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15 Table 1. List of LRT systems surveyed. Map No. Locations System 1. Austin, TX ASG (Capital Metropolitan Transportation Authority All Systems Go!) (Proposed system with construction scheduled to start in summer 2006. The system was tested in Spring 2009 and was not yet in service at the time of publication.) 2. Baltimore, MD MTA-MD (Maryland Transit Administration) 3. Boston, MA MBTA (Massachusetts Bay Transportation Authority) 4. Buffalo, NY NFTA (Niagara Frontier Transit Authority) 5. Camden, NJ NJT (New Jersey Transit River LINE) 6. Cleveland, OH GCRTA (Greater Cleveland Regional Transit Authority) 7. Dallas, TX DART (Dallas Area Rapid Transit) 8. Denver, CO RTD (Regional Transit District) 9. Galveston, TX GIT(Galveston Island Transit) 10. Houston, TX Metro (Metropolitan Transit Authority of Harris County) 11. Jersey City, NJ NJT-HBLR (New Jersey Transit Hudson-Bergen Light Rail) 12. Kenosha, WI KT (Kenosha Transit) 13. Los Angeles, CA LACMTA (Los Angeles County Metropolitan Transportation Authority) 14. Memphis, TN MATA (Memphis Area Transit Authority) 15. Minneapolis, MN MT (Metro Transit) 16. New Orleans, LA NORTA (New Orleans Regional Transit Authority) 17. Newark, NJ NJT-NCS (New Jersey Transit Newark City Subway) 18. Norfolk, VA HRT (Hampton Roads Transit) (Currently under construction. Expected completion date is in early 2009) 19. Philadelphia, PA SEPTA (Southeastern Pennsylvania Transportation Authority) 20. Pittsburgh, PA PAAC (Port Authority of Allegheny County) 21. Portland, OR TriMet (Portland TriMet) 22. Sacramento, CA SRTD (Sacramento Regional Transit District) 23. Saint Louis, MO/IL BSDA (Bi-State Development Agency) 24. Salt Lake City, UT UTA (Utah Transit Authority) 25. San Diego, CA SDTI (San Diego Trolley Inc.) 26. San Diego, CA NCTD (North County Transit District) 27. San Francisco, CA SF Muni (San Francisco Municipal Railway) 28. San Jose, CA SCVTA (Santa Clara Valley Transportation Authority) 29. Seattle, WA WFSC (King County Metro) 30. Tacoma, WA ST (Sound Transit, Link) 31. Tampa, FL HART (Hillsborough Area Regional Transit) 32. Calgary, Alberta C-Train 33. Edmonton, Alberta Edmonton Transit System 34. Ottawa, Ontario O-Train (diesel-powered pilot project) 35. Toronto, Ontario TTC (Toronto Transit Commission) Streetcars 36. Vancouver, British Columbia CLCO (Canada Line Rapid Transit Link RAV Line) 37. Waterloo, Ontario Region of Waterloo (Waterloo LRT) (In the environmental assessment stage ) State of the Practice Summary tifies the top safety issues, and LRT Safety Treatments provides basic information about the types of treatments available to TCRP Report 69 indicated that LRT systems in North LRT agencies. America are generally safe. A crash at any given crossing is a rare event, but when a collision occurs at an LRT crossing, the LRT Exposure to Pedestrians outcome is often severe (1). The following sections provide and Motor Vehicles information about current safety practices along the LRT alignment. LRT Exposure to Pedestrians and Motor Vehicles A number of TCRP research projects have discussed safety describes the influence of LRT exposure. The next section iden- in the LRT alignment. TCRP Report 17 (TCRP Project A-05)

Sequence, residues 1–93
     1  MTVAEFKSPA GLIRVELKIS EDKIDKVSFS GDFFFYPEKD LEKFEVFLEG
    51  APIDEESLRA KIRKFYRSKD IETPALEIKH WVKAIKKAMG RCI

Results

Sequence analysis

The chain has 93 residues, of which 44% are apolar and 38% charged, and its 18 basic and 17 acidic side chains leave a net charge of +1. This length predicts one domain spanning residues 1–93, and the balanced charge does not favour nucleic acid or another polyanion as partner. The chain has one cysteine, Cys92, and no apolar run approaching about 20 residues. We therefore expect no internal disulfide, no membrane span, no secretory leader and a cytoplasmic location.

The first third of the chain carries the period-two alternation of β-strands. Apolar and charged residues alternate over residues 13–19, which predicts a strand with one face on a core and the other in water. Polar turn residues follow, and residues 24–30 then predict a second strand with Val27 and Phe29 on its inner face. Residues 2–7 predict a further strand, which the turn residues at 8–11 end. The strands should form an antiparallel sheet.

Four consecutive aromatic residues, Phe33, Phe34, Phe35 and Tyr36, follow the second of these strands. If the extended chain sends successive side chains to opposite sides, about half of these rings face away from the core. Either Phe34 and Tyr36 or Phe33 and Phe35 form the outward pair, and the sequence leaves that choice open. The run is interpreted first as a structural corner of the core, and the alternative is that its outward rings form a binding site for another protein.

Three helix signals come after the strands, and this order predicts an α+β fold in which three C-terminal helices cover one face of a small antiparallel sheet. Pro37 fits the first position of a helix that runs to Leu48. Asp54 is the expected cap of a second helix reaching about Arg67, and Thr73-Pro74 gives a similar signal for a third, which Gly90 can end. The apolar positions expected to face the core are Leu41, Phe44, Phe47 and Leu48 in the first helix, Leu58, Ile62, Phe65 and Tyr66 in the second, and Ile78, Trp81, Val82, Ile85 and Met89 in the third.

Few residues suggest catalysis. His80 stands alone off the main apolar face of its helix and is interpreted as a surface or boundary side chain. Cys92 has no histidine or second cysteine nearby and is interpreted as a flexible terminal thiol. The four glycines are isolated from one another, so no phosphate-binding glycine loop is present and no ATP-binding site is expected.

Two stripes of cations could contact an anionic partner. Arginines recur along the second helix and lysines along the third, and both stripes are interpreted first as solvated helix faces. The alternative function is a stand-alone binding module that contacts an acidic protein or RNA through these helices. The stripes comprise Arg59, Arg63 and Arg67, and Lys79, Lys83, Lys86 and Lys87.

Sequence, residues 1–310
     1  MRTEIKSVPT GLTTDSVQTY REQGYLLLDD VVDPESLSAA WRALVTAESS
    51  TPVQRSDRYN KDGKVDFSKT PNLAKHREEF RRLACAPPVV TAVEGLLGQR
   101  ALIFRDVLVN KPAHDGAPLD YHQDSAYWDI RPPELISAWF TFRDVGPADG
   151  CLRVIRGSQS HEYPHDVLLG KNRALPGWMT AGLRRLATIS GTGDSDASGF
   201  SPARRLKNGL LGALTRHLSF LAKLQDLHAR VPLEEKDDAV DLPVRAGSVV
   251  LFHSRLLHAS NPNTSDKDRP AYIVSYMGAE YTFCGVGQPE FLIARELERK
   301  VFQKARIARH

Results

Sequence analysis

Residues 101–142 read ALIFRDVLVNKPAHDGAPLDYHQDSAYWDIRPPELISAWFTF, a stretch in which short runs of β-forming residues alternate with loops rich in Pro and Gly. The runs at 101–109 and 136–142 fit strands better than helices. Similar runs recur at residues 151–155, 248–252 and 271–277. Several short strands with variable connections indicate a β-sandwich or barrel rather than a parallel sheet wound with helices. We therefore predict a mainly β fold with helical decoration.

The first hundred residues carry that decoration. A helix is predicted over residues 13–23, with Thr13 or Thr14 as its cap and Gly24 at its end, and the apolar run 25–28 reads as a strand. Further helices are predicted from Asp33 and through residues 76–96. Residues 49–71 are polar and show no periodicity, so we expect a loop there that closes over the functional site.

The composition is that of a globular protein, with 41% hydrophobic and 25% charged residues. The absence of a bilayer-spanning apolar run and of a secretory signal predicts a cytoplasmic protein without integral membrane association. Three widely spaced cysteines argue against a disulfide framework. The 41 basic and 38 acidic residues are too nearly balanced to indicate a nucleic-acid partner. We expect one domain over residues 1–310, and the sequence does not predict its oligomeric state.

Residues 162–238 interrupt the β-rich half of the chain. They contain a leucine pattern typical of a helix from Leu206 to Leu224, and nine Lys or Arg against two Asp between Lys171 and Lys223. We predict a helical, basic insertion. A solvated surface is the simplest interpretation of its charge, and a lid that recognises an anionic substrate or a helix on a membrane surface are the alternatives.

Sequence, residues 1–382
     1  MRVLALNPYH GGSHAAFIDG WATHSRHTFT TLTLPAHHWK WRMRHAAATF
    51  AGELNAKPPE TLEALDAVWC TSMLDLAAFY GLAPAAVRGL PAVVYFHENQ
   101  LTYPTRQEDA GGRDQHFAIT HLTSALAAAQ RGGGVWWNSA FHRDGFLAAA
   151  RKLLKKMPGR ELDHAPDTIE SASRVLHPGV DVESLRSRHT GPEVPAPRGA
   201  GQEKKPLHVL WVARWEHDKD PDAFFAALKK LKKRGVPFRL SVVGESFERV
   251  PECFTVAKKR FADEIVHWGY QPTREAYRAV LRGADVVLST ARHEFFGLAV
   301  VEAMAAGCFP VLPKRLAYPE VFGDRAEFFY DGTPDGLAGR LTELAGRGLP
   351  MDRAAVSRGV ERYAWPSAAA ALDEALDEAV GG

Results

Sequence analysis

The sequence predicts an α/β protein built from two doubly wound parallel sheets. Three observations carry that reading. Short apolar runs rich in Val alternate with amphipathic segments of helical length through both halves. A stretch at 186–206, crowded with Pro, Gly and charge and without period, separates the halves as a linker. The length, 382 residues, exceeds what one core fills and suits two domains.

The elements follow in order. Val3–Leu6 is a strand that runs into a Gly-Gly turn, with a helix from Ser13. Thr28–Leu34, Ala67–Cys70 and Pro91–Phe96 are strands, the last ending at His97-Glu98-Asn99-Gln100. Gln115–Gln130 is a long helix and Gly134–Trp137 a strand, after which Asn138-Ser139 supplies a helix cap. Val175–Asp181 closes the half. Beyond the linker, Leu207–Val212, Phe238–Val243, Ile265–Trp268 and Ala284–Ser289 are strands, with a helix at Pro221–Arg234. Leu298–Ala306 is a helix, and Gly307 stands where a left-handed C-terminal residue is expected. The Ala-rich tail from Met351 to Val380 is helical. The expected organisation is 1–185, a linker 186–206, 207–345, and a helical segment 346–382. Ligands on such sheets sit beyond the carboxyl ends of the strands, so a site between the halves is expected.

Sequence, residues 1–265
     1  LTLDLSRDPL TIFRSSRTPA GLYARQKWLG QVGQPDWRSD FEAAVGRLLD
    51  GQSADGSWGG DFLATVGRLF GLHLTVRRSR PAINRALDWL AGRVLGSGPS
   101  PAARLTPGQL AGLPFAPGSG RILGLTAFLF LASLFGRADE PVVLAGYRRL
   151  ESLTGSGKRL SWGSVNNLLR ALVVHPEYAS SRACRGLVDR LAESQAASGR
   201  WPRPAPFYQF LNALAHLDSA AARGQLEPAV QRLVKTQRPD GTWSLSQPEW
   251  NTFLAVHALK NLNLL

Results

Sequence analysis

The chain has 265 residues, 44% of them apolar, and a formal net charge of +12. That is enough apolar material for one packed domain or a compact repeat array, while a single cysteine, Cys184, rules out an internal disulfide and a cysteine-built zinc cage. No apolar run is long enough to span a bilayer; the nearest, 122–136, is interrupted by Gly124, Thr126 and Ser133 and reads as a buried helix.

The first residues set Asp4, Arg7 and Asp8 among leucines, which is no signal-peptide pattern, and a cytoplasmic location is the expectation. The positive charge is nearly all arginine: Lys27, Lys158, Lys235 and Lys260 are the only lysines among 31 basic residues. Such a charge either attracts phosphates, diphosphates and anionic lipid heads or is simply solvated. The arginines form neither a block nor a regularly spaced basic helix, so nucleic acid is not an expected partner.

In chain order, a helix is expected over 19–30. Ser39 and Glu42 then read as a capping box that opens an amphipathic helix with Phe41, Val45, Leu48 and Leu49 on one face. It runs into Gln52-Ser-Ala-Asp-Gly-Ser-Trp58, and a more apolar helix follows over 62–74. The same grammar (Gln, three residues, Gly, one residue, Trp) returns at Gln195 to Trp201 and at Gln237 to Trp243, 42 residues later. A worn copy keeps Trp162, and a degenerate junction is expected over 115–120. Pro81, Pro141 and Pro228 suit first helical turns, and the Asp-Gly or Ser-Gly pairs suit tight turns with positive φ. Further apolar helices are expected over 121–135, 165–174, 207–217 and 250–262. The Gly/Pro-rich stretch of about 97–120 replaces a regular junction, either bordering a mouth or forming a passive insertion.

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16 Table 2. List of LRT agencies responding to the online survey. Map No. Locations System 2. Baltimore, MD MTA-MD (Maryland Transit Administration) 5. Camden, NJ NJT (New Jersey Transit River LINE) 8. Denver, CO RTD (Regional Transit District) 10. Houston, TX Metro (Metropolitan Transit Authority of Harris County) 11. Jersey City, NJ NJT-HBLR (New Jersey Transit Hudson-Bergen Light Rail) 12. Kenosha, WI KT (Kenosha Transit) 13. Los Angeles, CA LACMTA (Los Angeles County Metropolitan Transportation Authority) 14. Memphis, TN MATA (Memphis Area Transit Authority) 15. Minneapolis, MN MT (Metro Transit) 19. Philadelphia, PA SEPTA (Southeastern Pennsylvania Transportation Authority) 20. Pittsburgh, PA PAAC (Port Authority of Allegheny County) 21. Portland, OR TriMet (Portland TriMet) 22. Sacramento, CA SRTD (Sacramento Regional Transit District) 23. Saint Louis, MO/IL BSDA (Bi-State Development Agency) 24. Salt Lake City, UT UTA (Utah Transit Authority) 25. San Diego, CA SDTI (San Diego Trolley Inc.) 26. San Diego, CA NCTD (North County Transit District) 27. San Francisco, CA SF Muni (San Francisco Municipal Railway) 28. San Jose, CA SCVTA (Santa Clara Valley Transportation Authority) 29. Seattle, WA WFSC (King County Metro) 30. Tacoma, WA ST (Sound Transit, Link) 32. Calgary, Alberta C-Train 33. Edmonton, Alberta Edmonton Transit System 35. Toronto, Ontario TTC (Toronto Transit Commission) Streetcars focused on light rail operating on-street at low to moderate 2. Type b. Semi-exclusive alignments keep the LRT apart from speeds, while TCRP Report 69 (TCRP Project A-13) investi- road vehicles and pedestrians, except where road vehicles gated light rail safety for operations in semi-exclusive rights-of- and pedestrians intersect at an at-grade crossing. Operating way at speeds greater than 55 km/h (35 mph). TCRP Project speeds on segments that do not have automatic crossing D-09 provided more general information about the design of gates are governed by vehicle speed limits on the streets or transit vehicles and facilities, both bus and light rail. Several highways. On Type b segments where the right-of-way is other studies of specific safety problems and treatments have fenced, operating speeds are maximized (based on geomet- been published by TCRP and other organizations. ric limits), but these higher speeds are typically maintained LRT alignments are typically categorized into three right-of- only for short distances, often on segments between grade way types for planning purposes. These classifications are also crossings. used for operations and safety. TCRP Reports 17 and 69 and 3. Type c. Non-exclusive alignments allow for mixed flow TCRP Project D-09 used this classification system to distin- operation with motor vehicles or pedestrians, resulting in guish between different types of light rail alignments. The clas- higher levels of operating conflicts and lower-speed oper- sification system is useful because the type of alignment and the ations. Non-exclusive alignments are often found in down- resulting level of exposure to vehicles and/or pedestrians have town areas where there is a willingness to forgo operating significant safety implications. speeds in order to access areas with high population den- TCRP Report 17 provides this information about the three sity and many potential riders. basic alignment classes (2): Table 3 summarizes the alignment classification set out 1. Type a. Exclusive alignments use full grade separation of in TCRP Report 69 (1). That report provides more detailed both motor vehicle and pedestrian crossing facilities. descriptions of each subcategory. Exclusive alignments eliminate grade crossings and oper- TCRP Report 17 considered the safety issues and implica- ating conflicts, and maximize safety and operating speeds. tions associated with the different types of light rail alignment,